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U.S. Men's National Team Confederations Cup Notes; Earnie Stewart One-on-One


A TOUGH WORKOUT: The U.S. Men’s National Team conducted their second training session since arriving in Lyon, France for the 2003 FIFA Confederations Cup at the Complexe Sportif Limonest. During another warm day, the training began with a half-field game of 9v9 possession with one neutral player. Kyle Martino, Chris Armas and Pablo Mastroeni all filled the role of the neutral player as goals were later added to the game. The team then conducted a scrimmage on a shortened field with regulation-sized goals for about 20 minutes. Before the end of practice the players went through a grueling fitness exercise conducted by strength coach Pierre Barrieu. The players and assistants Glenn Myernick and Curt Onalfo ran for almost 15 minutes straight during the exercise, alternating between short sprints from sideline to sideline and long runs around the field.

CONFEDERATIONS CUP FACT OF THE DAY: When the tournament kicks off on June 18 with the first match between New Zealand and Japan, it will mark the first match ever to be played in Europe in Confederations Cup history. Of the previous 60 matches, 44 were played in Asia (28 in Saudi Arabia, 8 a piece in Japan and Korea) and 16 in North and Central America (Mexico 1999).

 

Entering into his second Confederations Cup, U.S. midfield stalwart Earnie Stewart is still maintaining the youthful exuberance and focused intensity that has characterized his 13 years with the MNT. The U.S. leader in both World Cup (11) and World Cup qualifying (27) appearances took some time to talk about how this tournament compares to others in the world and its importance for the U.S.

How do you think the Confederations Cup compares with other major tournaments?

Stewart: "I think it ranks between the World Cup and the Gold Cup. It’s more like a European championship."

After the team’s success in the 2002 World Cup, do you think there are greater expectations on the team to perform well going into the Confederations Cup?

Stewart: "People on the outside definitely look at it differently. They expect us to do better than they did in the past. For the team, it’s always the same. You want to win every game when you step on the field."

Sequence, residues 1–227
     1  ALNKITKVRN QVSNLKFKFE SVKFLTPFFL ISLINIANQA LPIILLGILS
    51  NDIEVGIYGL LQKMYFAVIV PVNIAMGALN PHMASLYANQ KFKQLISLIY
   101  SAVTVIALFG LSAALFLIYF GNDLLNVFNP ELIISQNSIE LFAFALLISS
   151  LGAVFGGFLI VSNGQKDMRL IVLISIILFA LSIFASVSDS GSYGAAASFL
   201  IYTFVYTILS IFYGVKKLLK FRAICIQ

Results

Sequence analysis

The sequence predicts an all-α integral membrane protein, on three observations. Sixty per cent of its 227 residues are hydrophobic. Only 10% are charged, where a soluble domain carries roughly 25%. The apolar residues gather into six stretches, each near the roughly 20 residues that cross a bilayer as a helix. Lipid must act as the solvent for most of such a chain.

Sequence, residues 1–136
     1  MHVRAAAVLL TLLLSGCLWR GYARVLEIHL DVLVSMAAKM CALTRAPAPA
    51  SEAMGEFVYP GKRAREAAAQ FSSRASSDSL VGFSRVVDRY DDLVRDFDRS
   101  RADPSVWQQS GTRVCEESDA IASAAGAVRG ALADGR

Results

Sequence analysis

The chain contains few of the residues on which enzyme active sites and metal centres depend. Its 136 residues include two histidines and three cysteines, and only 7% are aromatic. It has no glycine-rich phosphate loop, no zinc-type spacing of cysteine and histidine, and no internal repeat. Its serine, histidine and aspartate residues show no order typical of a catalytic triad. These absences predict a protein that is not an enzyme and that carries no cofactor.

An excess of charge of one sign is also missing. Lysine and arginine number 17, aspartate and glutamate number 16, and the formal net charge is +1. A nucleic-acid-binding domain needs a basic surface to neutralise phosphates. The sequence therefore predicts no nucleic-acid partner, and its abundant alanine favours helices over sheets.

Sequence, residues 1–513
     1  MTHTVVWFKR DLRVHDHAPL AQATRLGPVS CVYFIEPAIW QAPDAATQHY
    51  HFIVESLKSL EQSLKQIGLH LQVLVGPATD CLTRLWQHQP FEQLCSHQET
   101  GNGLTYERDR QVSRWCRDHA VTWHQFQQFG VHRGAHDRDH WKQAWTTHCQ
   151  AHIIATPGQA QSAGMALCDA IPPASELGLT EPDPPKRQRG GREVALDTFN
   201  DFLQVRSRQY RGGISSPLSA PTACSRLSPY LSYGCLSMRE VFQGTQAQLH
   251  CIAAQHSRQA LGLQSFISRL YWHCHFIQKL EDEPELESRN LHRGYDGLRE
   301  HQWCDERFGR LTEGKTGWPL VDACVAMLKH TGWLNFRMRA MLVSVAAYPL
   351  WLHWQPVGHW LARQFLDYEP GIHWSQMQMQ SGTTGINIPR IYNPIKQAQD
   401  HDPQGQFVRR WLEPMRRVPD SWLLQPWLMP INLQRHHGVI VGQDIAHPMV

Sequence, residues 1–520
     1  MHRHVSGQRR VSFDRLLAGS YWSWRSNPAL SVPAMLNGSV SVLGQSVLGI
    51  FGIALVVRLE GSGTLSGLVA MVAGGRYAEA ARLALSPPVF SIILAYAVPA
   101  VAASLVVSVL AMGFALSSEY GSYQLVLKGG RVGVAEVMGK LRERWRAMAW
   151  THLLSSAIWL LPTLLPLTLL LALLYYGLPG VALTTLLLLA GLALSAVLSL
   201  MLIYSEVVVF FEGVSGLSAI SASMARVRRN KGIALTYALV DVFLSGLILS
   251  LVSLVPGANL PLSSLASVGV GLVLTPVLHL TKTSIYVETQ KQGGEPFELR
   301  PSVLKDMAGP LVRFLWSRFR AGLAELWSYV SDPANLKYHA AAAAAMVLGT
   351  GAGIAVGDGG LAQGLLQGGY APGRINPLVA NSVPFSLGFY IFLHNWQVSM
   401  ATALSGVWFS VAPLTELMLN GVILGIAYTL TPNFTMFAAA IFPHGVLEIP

You were one of five members of this squad who were on the U.S. team that finished in third place at 1999 Confederations Cup in Mexico. What are your memories of that event, and how does this team compare to the ’99 squad?

Stewart: "It was a great tournament. Results were great, and we had a great group of guys. It’s hard to compare the two teams between 99 and now. I think you can only do that when the tournament is over."

A lot of the players on this squad have little or no international experience. What type of lessons can the younger players take from these types of matches?

Stewart: "This tournament is great to get a different perspective on what soccer is like around the world. It’s similar to playing in the World Cup in that you see so many different styles, and you don’t get to play this caliber of teams that much. It’s good for younger players to go through that phase, and not play against the same style all the time. It’s very important for their development, especially at the international level."

With less than a year until World Cup qualifying begins, how important is the Confederations Cup in providing the U.S. team a chance to continue player development?

Stewart: "For us, it’s probably more valuable than other teams, especially from Europe. Most of the players on those teams have played in tournaments like the Champions League and have had long grueling seasons, so they’ve been in these types of pressure games. For us, it’s a little different. We don’t have players that play on elite teams in Europe that play a European Cup game every month, where you can challenge yourself constantly. For the American players, especially those from MLS, it’s important to be exposed to this type of competition."

You’ve often said in the past that you don’t care about your statistics, and you never look too far ahead. But after 13 years and all the ups and downs with the national team, do you start to allow yourself a little bit of perspective now that your international career may be winding down

Stewart: "Of course it’s in the back of your mind a little bit. You think of it more that you want to have a lot of fun, and you don’t take it for granted anymore. You realize that it can’t go on forever, and you enjoy the glorious moments a little bit more than you would in the past. When you’re younger, you step over things very easily. Right now, when you have a good game, you can sit down and think abut it a little more and enjoy it, as opposed to constantly thinking about the next time. I’m still a proud person every time I get to play on the national team."


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